There is a culture of greed in maritime Manila which reminds me of Gustave Doré‘s drawing (pictured above) of the greedy and indulgent pushing rocks in Dante’s Inferno. The caption reads:
Not all the gold that is beneath the moon,
Or ever hath been, of these toil-worn souls
Might purchase rest for one.
~ Canto VII., lines 65-67.
Not all have succumbed to the greed. I have known a few spirits whose kind-heartedness and generosity have helped preserve my faith in humanity. However, many folks, particularly in Manila’s manning community, have capitulated to Mammon, to the siren call of money. The following are two of my personal encounters with them, both excerpted from my e-book, Close Encounters in Maritime Manila:
Encounter 1: A journalist in love with money
I remember one afternoon when I had coffee with Ms. K. in the lobby of a large hotel in Manila. She was a journalist who had previously worked in Hong Kong. Given her background and evident interest in culture, I started hoping that we could become good friends. I even entertained the idea that we were kindred spirits whose paths were fated to cross.
After coffee, we walked together toward the block of flats where she lived, which was some distance away. The sun was almost setting by the time we reached the narrow road leading to her place, so I offered to treat her to an early dinner at a restaurant.
It did not take long for our orders to be laid on the table. We did not talk much as we partook of our meal. After we stepped out of the eatery, I was walking two steps ahead of her when she suddenly quickened her pace and tugged at my arm.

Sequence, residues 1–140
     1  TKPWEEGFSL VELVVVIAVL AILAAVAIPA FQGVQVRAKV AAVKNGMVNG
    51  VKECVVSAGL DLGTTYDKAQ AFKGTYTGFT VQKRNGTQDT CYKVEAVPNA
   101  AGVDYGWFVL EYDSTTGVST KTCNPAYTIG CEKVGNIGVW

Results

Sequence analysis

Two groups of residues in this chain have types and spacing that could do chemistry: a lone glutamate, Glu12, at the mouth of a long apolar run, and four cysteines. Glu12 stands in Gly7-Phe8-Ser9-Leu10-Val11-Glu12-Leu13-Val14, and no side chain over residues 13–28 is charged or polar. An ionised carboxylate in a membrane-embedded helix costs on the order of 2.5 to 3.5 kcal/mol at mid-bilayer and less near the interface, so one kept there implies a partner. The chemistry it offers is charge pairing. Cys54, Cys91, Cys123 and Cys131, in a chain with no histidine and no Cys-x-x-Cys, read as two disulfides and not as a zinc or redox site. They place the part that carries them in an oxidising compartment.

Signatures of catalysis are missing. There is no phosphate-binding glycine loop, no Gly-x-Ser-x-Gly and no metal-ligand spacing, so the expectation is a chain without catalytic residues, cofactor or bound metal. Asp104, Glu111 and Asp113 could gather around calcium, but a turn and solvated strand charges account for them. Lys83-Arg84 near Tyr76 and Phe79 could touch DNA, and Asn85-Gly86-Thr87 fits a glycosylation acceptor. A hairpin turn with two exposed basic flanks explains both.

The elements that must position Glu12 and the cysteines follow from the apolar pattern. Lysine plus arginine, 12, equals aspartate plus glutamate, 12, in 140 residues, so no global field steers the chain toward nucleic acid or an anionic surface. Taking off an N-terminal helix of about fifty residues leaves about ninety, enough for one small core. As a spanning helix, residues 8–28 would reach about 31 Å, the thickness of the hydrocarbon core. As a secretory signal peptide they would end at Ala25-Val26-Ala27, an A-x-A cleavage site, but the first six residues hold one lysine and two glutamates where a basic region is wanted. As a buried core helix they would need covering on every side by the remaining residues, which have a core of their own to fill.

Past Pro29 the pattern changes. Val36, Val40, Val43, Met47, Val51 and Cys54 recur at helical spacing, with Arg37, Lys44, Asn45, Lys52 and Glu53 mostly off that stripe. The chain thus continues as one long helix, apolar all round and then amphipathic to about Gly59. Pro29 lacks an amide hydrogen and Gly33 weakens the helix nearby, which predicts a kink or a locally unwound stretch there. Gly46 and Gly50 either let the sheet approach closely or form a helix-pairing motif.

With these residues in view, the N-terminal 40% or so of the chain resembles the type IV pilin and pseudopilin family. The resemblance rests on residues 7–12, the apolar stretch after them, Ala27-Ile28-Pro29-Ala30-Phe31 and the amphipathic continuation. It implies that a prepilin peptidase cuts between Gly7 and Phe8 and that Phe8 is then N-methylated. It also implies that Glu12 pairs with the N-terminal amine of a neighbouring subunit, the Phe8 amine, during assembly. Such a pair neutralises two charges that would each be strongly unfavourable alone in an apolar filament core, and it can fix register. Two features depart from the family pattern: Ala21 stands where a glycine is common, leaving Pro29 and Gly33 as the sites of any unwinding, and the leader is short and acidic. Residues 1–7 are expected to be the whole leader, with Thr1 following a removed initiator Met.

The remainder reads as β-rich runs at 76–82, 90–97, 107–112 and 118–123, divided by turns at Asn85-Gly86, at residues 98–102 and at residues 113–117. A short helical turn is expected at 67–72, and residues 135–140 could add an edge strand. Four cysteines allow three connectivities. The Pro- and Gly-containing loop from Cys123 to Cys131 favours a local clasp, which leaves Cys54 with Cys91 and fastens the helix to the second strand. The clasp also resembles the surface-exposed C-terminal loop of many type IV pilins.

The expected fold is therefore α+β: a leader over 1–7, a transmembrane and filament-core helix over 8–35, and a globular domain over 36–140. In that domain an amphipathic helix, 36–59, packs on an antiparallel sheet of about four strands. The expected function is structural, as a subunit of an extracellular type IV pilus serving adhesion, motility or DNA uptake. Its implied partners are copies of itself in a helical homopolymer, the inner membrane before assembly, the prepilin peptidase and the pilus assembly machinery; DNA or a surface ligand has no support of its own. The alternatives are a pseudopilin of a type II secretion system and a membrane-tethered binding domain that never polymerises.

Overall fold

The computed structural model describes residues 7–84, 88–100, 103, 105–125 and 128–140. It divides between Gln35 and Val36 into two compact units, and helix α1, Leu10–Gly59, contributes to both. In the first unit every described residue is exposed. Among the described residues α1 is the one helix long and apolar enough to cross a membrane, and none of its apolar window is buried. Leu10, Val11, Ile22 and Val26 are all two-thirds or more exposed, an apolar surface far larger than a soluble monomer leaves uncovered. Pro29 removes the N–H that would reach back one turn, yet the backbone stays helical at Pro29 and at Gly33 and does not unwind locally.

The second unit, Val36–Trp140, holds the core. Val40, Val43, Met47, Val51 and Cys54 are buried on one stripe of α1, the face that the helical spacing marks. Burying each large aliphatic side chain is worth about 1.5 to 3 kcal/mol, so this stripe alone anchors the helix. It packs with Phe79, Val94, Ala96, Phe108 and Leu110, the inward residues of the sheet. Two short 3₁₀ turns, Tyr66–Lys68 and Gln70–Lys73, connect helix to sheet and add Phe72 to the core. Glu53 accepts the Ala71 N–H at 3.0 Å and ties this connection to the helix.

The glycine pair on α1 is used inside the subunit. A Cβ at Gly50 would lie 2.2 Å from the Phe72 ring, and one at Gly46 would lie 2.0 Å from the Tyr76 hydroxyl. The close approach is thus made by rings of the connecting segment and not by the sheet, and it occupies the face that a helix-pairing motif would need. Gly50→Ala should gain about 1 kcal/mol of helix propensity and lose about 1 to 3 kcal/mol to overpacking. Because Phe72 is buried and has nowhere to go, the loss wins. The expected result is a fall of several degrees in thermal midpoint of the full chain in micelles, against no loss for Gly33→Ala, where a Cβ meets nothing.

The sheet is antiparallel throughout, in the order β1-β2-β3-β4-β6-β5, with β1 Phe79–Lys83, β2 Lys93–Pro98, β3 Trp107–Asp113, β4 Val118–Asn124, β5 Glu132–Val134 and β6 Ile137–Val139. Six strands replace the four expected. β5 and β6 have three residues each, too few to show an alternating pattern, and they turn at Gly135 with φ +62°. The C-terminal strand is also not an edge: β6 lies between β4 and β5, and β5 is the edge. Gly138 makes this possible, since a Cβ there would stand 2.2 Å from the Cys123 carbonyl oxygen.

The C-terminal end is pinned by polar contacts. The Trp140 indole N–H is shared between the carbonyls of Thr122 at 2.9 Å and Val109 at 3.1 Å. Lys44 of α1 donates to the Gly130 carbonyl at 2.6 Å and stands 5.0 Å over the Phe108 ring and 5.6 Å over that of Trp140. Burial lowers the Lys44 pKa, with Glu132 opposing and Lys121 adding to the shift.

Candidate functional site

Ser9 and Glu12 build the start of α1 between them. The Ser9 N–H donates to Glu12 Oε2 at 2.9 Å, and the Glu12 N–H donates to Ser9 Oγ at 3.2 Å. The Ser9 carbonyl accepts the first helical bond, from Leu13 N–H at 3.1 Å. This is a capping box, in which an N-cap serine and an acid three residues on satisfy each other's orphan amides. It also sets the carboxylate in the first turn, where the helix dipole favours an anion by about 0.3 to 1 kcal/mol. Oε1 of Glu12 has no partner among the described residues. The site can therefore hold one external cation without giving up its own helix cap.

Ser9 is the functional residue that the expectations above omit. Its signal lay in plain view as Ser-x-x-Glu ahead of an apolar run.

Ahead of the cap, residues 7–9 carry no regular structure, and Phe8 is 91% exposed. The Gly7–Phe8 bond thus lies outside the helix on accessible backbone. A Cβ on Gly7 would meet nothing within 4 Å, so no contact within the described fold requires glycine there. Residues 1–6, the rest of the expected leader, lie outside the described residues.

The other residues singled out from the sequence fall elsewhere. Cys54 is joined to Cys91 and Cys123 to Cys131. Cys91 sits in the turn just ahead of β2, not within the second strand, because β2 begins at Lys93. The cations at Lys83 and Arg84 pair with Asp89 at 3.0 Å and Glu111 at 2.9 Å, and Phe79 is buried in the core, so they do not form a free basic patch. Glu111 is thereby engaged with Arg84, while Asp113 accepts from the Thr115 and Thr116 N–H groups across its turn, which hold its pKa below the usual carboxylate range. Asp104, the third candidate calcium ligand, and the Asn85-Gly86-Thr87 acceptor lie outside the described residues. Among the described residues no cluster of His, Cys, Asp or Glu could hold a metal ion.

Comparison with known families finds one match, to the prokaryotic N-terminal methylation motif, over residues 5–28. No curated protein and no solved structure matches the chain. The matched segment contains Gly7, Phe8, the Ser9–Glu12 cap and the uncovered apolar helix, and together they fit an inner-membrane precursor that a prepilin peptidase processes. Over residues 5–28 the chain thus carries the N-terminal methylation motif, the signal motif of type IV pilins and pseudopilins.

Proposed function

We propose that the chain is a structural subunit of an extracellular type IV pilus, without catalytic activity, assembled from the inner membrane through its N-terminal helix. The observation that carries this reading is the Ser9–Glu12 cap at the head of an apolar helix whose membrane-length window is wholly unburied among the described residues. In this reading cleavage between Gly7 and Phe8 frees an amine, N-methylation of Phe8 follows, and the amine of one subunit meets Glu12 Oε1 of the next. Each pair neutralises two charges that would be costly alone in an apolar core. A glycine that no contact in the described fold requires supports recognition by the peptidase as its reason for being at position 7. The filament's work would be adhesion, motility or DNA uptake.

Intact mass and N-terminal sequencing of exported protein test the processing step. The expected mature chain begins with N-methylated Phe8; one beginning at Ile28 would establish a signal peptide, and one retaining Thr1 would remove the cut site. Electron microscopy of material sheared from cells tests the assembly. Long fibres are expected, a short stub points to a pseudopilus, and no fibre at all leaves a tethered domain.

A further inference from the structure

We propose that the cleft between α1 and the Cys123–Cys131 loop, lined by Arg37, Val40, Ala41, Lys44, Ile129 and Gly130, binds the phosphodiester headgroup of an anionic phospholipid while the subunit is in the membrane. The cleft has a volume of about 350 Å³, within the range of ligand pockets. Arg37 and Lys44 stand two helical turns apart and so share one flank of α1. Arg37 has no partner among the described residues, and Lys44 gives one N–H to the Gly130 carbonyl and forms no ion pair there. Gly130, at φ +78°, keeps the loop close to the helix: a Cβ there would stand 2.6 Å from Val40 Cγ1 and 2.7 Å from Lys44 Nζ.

“Do you know how much tip you gave the waiter?” she asked. I thought it strange that she would bring up the matter.
“I think I gave 50 pesos,” I replied, a little embarrassed.
The amount was equivalent to a little less than one U.S. dollar and about ten per cent of our bill. It seemed to me quite reasonable. But after seeing the expression on her face, a look that said I had tipped excessively, I muttered something about the food being excellent and the waiter giving commendable service. That calmed her down, but it was silly that I had to explain a trivial matter involving money.
I felt like the protagonist in the novel L’Étranger (The Stranger) by the French author and philosopher, Albert Camus: an outsider, a cultural misfit, a spiritual expatriate in my own country. At that moment, I saw Ms. K. gradually recede, the gulf that separated us widening and widening until she shrank to a dot on the horizon, like a ship that had departed. It was a friendship that was never meant to be. (from CHAPTER 1: The Great Money Chase)
Encounter 2: A grasping manning agent
I hate to use a colourful Filipino term but it describes many Filipinos, rich and poor alike: patay-gutom. The expression, a combination of patay (dead) and gutom (hungry), literally means a greedy person who acts as though he or she is close to starvation. Its connotes a strong craving for money or material gain coupled with a strong fear of being deprived.
The word is offensive and grating to the native ear, but it would cross my mind after I was invited by Captain F. to the blessing of his manning company’s new offices.
Captain F. had as one of two guests of honour Mr. H, a manning executive known to all and sundry. Office blessings are usually stodgy affairs, but this one had a fascinating twist. After the priest sprinkled holy water in the rooms upstairs, company staff and guests trailing behind him with lighted candles, everyone walked back down to the lobby for the traditional tossing of the coins.
Lo and behold, Mr. H. was the first to dash for it. He was down on all fours, grinning as he picked up the coins scattered on the floor and put them in the pocket of his elegantly tailored business suit.
The popular belief is that the more coins you catch during the blessing ceremony, the greater the fortune in store for you. But surely, I thought, one need not appear so undignified when seeking prosperity and good luck from the gods. The sight of Mr. H. gathering up the coins like a starved capuchin monkey was forever etched on my mind. (from CHAPTER 1: The Great Money Chase)